In fact, I’m not really perfect.
A long time ago, I bragged about how I was born to travel. Those five facts are still alive, holding me up every single day on the road. After posting the article, many people told me (and you can see it from the comments) that I was very lucky. I don’t doubt, I am very grateful for my health and many other things I have. That’s just because I’m a glass half full kind of person (I wonder what idiom people used in the old days when before glass was invented), not because I really am perfect. I had my difficulties and challenges that I’m still dealing with to this day.
I’m almost blind without my contact lenses/glasses
My first glasses was a very typical silver colour, round shape. I got it when I was in third grade. And sadly, the tradition has been continued to this day. I first tried soft lens when I was in middle school, because I was tired of glasses and it made my eyes look very small (because I wore very thick glasses). It was scary at first, but very liberating. In college, I wanted to try hard contact lens. It was three times more expensive than the soft ones, but supposedly it last long and more comfortable to the eyes. It dramatically failed. One morning, I couldn’t see anything because my eyes were super swollen. The lens scratched my eyeballs. I had to go to the eye doctor for a week, and then never wore contact lens for next six months or so. But, I’m over it now. I can’t do anything without my contact lens.
My eyesight is -8.00 and -6.00, if the number means anything to you. It is quite bad. My glasses is very thick, even though I use a high quality ones. If I don’t wear anything, I can only see silhouettes but not the details.
I can’t swim without a swim goggle. The tiniest dirt, sand or the smallest salt water drop can make me cry like a baby. If I lost one of my contact lens on the sink, I need someone else’s help to locate them because, obviously, I can’t see. I need to hike with a bottle of saline solution and a glasses case, because I can’t sleep with my lens on. I love going in sauna room, but the heat sucks all the moisture out of my contacts, and I can’t wear glasses to sauna because the heat will ruin the frame. The contact lens make eyes tired more easily, but I can’t wear sunglasses without them. If you are asking, ‘why don’t you get a prescription sunglasses?’, I will answer this in next paragraph.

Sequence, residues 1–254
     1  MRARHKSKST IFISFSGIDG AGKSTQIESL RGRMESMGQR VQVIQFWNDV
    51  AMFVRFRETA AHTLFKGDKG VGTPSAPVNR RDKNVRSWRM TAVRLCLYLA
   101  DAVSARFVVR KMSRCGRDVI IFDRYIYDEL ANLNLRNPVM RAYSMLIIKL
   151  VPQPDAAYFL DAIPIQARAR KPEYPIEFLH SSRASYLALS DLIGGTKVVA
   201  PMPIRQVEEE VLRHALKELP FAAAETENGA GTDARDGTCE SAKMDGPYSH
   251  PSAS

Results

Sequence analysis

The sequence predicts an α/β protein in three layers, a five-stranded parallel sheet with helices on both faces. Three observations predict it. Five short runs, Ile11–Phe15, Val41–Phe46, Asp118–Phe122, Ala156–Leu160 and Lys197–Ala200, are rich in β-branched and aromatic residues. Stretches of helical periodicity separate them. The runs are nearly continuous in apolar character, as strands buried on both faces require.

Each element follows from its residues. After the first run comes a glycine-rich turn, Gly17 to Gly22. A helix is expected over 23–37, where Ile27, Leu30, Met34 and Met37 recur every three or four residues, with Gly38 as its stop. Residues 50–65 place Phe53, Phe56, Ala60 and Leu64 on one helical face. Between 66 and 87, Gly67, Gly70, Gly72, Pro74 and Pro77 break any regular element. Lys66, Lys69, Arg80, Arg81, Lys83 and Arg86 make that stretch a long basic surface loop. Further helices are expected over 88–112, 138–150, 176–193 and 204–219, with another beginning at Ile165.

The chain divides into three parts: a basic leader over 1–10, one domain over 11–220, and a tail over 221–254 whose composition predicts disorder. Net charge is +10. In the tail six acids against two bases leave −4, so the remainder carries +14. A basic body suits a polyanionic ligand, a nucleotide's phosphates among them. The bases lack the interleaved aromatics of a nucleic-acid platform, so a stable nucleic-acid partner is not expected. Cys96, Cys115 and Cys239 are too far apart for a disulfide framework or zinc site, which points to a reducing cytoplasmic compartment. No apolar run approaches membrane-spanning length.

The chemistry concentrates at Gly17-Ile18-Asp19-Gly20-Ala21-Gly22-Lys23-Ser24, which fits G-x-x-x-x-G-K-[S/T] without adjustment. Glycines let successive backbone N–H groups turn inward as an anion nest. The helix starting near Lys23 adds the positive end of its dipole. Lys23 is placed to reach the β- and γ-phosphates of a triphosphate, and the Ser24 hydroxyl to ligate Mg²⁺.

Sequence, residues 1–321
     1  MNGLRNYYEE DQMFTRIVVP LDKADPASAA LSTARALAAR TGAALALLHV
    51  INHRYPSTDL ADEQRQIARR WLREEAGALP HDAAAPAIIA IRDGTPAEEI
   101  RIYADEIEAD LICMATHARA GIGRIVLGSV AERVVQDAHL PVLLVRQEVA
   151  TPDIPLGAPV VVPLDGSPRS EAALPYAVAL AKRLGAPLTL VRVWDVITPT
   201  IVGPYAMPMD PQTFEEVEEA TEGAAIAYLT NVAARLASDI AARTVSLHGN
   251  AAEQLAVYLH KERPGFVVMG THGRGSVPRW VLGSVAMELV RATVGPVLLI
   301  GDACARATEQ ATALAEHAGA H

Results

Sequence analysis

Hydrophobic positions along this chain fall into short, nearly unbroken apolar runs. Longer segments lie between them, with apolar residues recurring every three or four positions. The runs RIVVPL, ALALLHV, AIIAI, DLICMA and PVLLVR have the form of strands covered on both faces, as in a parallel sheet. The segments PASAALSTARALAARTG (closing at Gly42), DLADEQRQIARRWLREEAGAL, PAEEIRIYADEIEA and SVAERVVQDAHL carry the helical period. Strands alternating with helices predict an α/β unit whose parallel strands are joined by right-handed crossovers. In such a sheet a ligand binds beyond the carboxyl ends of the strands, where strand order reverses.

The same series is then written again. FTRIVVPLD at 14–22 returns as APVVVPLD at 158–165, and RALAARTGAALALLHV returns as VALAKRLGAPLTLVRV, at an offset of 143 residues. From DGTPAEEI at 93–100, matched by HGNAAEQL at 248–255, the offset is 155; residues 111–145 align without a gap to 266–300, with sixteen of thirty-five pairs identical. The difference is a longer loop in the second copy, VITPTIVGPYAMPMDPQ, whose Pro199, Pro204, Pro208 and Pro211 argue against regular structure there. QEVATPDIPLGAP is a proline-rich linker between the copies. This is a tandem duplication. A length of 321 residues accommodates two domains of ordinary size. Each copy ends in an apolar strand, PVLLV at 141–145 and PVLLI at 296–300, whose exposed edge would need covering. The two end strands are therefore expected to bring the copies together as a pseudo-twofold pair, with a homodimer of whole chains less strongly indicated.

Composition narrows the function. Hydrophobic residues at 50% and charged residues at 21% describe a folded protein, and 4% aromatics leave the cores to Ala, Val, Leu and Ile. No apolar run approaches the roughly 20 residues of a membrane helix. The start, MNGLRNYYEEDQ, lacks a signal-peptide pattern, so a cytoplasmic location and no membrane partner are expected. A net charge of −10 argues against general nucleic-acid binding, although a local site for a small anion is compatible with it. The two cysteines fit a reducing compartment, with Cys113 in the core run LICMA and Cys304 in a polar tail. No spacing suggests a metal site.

Wearing glasses/ contact lens is not only very inconvenient, but also it costs a lot. Because my eyesight is bad, I can’t use ‘normal’ lens for my glasses. It will be too heavy and thick. Each pair (glasses and contact lens) cost me $100+ every time. A bottle of saline solution is about $7, and it is double the price in Europe (it’s just damn hard to find in Europe).
I need a regular health checkup
Don’t get me wrong; I am very healthy. I’ve never been ill. I’m very grateful for the healthy figure I have. But, I have to keep checking up on a few issues that I got inherited. Some things are out of my control. No matter how careful I am at keeping myself healthy, I still need to keep an extra eye on. (Of course I recommend everyone to check up once in a while even if they are young.) Health issues are directly connected to money. The insurance is useless for a ‘check up’. They only want to be responsible at (at least) if something happen to the customers, and not when they want to find out if they are okay. The check up with expensive medical machines are inevitably expensive. But what can I do? It’s just a small sacrifice I have to make to live long and healthy. Investment for future, I would say.
I was born in Korea